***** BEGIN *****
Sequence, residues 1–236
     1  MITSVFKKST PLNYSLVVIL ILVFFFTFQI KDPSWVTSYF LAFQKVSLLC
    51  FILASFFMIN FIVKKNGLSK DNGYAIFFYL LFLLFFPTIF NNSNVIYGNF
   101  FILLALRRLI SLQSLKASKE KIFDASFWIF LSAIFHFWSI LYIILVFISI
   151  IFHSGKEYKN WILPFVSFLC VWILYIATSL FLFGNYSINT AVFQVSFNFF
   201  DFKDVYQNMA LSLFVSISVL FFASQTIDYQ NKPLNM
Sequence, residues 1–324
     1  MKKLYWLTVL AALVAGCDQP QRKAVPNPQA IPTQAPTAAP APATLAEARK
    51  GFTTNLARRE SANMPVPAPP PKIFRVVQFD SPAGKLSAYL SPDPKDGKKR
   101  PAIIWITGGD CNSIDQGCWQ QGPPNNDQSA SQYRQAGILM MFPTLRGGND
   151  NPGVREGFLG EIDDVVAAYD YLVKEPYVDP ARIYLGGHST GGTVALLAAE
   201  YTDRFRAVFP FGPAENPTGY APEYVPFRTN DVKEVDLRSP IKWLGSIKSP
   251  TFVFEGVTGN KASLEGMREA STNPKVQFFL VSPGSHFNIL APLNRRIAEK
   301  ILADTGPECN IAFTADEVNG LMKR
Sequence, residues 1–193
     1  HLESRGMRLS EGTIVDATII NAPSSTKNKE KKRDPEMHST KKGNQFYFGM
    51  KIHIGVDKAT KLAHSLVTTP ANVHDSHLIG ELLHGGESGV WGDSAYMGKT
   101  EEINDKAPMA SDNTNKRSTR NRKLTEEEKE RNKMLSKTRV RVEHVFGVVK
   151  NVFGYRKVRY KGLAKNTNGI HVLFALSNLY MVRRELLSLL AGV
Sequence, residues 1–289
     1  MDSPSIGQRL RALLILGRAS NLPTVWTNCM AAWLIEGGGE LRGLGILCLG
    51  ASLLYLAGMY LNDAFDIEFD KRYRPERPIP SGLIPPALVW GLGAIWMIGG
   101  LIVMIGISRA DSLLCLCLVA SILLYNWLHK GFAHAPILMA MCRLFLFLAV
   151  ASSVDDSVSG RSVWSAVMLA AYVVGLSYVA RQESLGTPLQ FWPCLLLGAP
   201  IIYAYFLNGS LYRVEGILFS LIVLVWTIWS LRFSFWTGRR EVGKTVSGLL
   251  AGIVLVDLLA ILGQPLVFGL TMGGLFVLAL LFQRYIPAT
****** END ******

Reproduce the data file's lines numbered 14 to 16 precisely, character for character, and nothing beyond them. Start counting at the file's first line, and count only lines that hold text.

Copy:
   301  ILADTGPECN IAFTADEVNG LMKR
Sequence, residues 1–193
     1  HLESRGMRLS EGTIVDATII NAPSSTKNKE KKRDPEMHST KKGNQFYFGM